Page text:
Russia to discuss recognition of 1920 South Ossetian Genocide
By Inga Kakulia
Friday, August 2
The head of the State Duma, Vyacheslav Volodin told the media representatives about the plan to discuss the possible recognition of the events of 1920 as a genocide against the South Ossetians. “The State Duma paid attention to the statement of the South Ossetian Parliament on the recognition of the genocide of South Ossetians in 1920 by Georgia. At the next meeting of the State Duma Council, which includes the leadership of the Duma, heads of all political factions and chairman of the committees, we will consider this appeal,” Volodin told Russian reporters.
The de-facto South Ossetian parliament addressed the Russian State Duma and the Federation Council of the Federal Assembly of the Russian Federation with the appeal on the recognition of the genocide of South Ossetians in 1920 by Georgian nationalists.
The statement reads: “Before the declaration of Georgia’s independence in June 1920, the authorities sent troops to crush South Ossetia and declared their right to self-determination and accession to Soviet Russia. Most of the settlements in South Ossetia were destroyed by the Georgian armed forces.”
The statement continues to say that the Georgian army, equipped with the support of the German occupation forces and then replaced by the British forces, carried out a massacre of Ossetian civilians, which claimed the lives of several thousand people. The survivors were forced to seek refuge in Russian territory. According to the statement, “The Georgian authorities have developed and implemented a program of colonization of South Ossetia.”
“In 1989-1992, Georgia again attempted ethnic cleansing of the Ossetian population, and in 2008 only the intervention of Russia, which forced Georgia to peace, prevented the complete extermination of the population of South Ossetia,” the document says.
Russian President Vladimir Putin said earlier that it would be good for the current Georgian authorities to know the long history of relations with the peoples of Abkhazia and South Ossetia if they want to establish relations with them today. Then, the Russian president noted the rigidity with which Georgian troops acted in Ossetia in 1919 and 1920, adding that “this is exactly what is called genocide today.”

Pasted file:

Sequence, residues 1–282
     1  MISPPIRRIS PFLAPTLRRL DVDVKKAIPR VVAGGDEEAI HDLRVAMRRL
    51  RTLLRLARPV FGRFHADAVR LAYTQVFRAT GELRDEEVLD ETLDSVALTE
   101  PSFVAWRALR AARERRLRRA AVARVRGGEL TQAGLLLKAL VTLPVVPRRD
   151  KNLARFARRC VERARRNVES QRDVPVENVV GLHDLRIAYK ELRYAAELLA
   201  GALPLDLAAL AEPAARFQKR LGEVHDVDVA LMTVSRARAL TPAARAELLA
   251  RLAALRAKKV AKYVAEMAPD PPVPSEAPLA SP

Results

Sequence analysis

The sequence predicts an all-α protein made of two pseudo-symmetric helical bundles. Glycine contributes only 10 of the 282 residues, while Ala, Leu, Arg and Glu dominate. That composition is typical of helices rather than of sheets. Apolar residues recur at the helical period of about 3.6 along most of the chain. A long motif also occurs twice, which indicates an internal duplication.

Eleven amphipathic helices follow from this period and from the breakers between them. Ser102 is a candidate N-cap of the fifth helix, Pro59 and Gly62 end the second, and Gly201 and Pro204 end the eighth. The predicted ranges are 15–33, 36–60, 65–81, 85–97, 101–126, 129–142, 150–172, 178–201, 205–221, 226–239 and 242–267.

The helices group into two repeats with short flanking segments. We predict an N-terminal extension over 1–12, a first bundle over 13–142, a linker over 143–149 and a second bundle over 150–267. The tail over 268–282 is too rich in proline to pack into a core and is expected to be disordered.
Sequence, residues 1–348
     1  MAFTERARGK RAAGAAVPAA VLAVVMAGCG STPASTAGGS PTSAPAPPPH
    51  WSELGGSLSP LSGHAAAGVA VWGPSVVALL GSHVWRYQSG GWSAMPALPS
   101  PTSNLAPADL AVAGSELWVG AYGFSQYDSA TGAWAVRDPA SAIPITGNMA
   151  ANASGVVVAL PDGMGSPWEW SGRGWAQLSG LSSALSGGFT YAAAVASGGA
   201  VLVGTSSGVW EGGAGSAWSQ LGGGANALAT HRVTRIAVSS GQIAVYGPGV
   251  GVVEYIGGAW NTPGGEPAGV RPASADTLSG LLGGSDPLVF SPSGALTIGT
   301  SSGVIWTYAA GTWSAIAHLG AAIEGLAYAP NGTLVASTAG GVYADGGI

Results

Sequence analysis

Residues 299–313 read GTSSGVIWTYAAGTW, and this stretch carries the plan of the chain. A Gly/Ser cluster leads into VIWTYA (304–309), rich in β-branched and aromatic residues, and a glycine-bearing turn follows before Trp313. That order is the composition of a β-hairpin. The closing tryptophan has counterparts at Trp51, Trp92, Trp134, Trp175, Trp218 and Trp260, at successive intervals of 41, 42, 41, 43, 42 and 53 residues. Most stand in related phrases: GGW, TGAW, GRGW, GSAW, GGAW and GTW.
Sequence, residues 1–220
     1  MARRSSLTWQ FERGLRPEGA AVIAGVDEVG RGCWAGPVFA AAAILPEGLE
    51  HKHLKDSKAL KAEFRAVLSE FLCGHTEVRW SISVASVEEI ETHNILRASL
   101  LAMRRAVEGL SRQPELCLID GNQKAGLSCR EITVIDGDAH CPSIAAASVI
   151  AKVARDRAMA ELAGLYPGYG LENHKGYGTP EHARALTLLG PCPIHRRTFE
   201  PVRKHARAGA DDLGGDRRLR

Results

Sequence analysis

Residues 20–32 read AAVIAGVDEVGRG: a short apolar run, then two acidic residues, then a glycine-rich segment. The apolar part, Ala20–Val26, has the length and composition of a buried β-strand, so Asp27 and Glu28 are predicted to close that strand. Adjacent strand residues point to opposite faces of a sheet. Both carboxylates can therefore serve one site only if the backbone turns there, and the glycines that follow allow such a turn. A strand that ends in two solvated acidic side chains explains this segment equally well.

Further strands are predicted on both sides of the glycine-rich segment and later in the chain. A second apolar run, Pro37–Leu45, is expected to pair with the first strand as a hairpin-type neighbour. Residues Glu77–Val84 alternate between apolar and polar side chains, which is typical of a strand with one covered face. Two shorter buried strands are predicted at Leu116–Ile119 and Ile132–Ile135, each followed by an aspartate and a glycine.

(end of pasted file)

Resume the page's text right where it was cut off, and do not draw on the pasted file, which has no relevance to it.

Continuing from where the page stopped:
The Georgian authorities have already responded to this information, and the general attitude seems to be dismissive.
The Chairperson of the Legal Issued Committee said that no action taken by the unlawful occupier (Russia) has any legal influence on Georgia.
“Any action taken by the occupying country does not comply with universally recognized principles of international law,” said Okhanashvili when speaking with journalists.
“We all know Russia’s attitude towards our occupied territories and what it is trying to do,” said Tamar Chugoshvili, the first deputy speaker of parliament. Chugoshvili says that Russia has its position on the issues, while the international community and Georgia have a completely different one.
“Naturally, our and the international community’s positions are consistent. Most importantly, the international community’s recognition of these issues is correct, consistent, and not subject to revision,” stated Chugoshvili. When asked whether or not this is an attempt from the Russian side to change history, Chugoshvili replied to the journalists that this is an attempt that won’t bear any real consequences.
In July of this year, after the Second Global Manufacturing and Industrialisation Summit, Vladimir Putin met with Russian journalists. Where he declared that Georgia made attempts to “absorb” the territories of Abkhazia and South Ossetia.”
When asked about the sanctions against Georgia, the Russian President responded with the following: “Ossetia joined the Russian Empire, if I remember correctly, in 1774. Both northern and southern Ossetia came together, as an independent state. Abkhazia did the same in 1810, also as an independent country, a principality.When the Russian Empire fell after World War I, Georgia made attempts to absorb Abkhazia; an independent country of Georgia was established, and, with help from German troops, it occupied Abkhazia in 1918.”
Putin referred to Georgians as occupiers and deemed their actions as “very cruel.”
“This was essentially what is called genocide today,” stated the President of the Russian Federation.
This statement prompted a fast response, especially from the Georgian historians who then exposed the attempt to falsify Georgian history.
In reality, there was a conflict between the Georgian government and rebellious separatist group of people in Ossetia who were governed by the Kremlin in the 20s. The uprising was triggered by Bolsheviks who tried to impose their ideology on people and thus, undermine the independent republic of Georgia. As for Abkhazia, it was due to the agreement between the National Council of Georgia and the Public Council of Abkhazia on June 11 in 1918. The Georgian troops pushed Bolsheviks out of Abkhazia as they had control over its capital Sukhumi since April. In 1919, the Georgian troops fought against the Russian General, Denikin on Abkhazian territory. On May 7 in 1920, Russia announced Abkhazia as a part of Georgia.
This attempt to classify the events of 1920 as genocide is a clear attack on Georgian history but the possibility of this having a real impact on the international society is quite low, as mentioned by the Georgian officials.